Saturday 19 July 2003
IN 2006, more than 1,800 genes are known to cause hereditary disorders in humans.
On 2 February 2000, OMIM reached 1000 gene entries containing at least one allelic variant (AV) identified as the cause of, or associated with, a recognizable human phenotype.
|-||Recessive monogenic diseases||Dominant monogenic diseases||Polygenic diseases|
|Predictive power of mutation analysis||Almost 100%||Strong*||Weak|
|Onset||Fetus, child, adolescent||Adult||Adolescent, adult|
|Molecular genetic approaches||Direct exon sequencing of known disease genes||Direct exon sequencing of known disease genes||Only assignment of relative risk possible|
|Frequency||< 1 in 40 000 (rare)||< 1 in 1000 (rare)||< 1 in 5 (frequent)|
|Data usually derived from||Gene mapping and gene identification||Gene mapping and gene identification||Genome-wide association studies (GWAS)|
|Confirmation in animal model||Very feasible||Feasible||Difficult|
chromosomal diseases by chromosomal anomalies
- monogenic diseases (mendelian diseases)
- oligogenic diseases
- polygenic diseases (complex inheritance diseases, diseases with multifactorial inheritance)
chromosomal rearrangements (chromosomal diseases)
genic mutations (genic diseases)
Monogenic diseases include many relatively uncommon conditions, such as storage disorders and inborn errors of metabolism, all resulting from single-gene mutations of large effect. Because most of these follow the classic mendelian patterns of inheritance, they are also referred to as mendelian disorders.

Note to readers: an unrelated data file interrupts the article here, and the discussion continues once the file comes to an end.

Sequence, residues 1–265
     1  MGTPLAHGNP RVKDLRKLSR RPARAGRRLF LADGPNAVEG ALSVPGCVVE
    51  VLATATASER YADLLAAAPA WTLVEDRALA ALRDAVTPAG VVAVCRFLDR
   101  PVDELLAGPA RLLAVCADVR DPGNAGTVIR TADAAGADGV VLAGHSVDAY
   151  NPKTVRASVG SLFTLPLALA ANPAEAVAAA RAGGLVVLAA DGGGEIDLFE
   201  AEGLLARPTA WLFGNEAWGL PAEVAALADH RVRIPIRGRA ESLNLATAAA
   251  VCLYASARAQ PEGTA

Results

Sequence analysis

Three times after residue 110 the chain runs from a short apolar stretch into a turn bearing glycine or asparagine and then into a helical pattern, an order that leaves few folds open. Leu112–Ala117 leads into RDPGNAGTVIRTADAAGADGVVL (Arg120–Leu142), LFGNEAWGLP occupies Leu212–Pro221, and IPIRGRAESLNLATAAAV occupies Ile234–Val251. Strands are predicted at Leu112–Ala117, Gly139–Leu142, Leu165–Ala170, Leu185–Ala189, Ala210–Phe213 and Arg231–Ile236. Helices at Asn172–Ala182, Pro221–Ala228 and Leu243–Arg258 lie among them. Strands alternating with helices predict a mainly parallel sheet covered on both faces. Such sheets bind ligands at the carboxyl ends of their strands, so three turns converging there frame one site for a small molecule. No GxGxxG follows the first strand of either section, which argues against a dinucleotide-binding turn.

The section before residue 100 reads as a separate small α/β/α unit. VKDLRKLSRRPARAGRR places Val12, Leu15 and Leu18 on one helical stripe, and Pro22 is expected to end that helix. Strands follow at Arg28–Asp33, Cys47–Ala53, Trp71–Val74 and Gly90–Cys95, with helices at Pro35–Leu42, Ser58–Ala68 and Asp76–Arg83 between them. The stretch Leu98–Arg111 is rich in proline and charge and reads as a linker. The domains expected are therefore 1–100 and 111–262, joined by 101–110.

Multifactorial diseases include some of the most common diseases of humans, such as hypertension and diabetes mellitus. They are called multifactorial because they are influenced by both genetic and environmental factors. The genetic component involves the additive result of multiple genes of small effect; the environmental contribution may be small or large, and in some cases, it is required for the expression of disease.
The third category includes diseases that result from genomic or chromosomal mutations and are therefore associated with numerical or structural changes in chromosomes
Single-gene diseases with nonclassic patterns of inheritance
To these three well-known categories must be added a heterogeneous group of single-gene disorders with nonclassic patterns of inheritance. This group includes disorders resulting from triplet repeat mutations, those arising from mutations in mitochondrial DNA, and those in which the transmission is influenced by genomic imprinting or gonadal mosaicism. Diseases within this group are caused by mutations in single genes, but they do not follow the mendelian pattern of inheritance.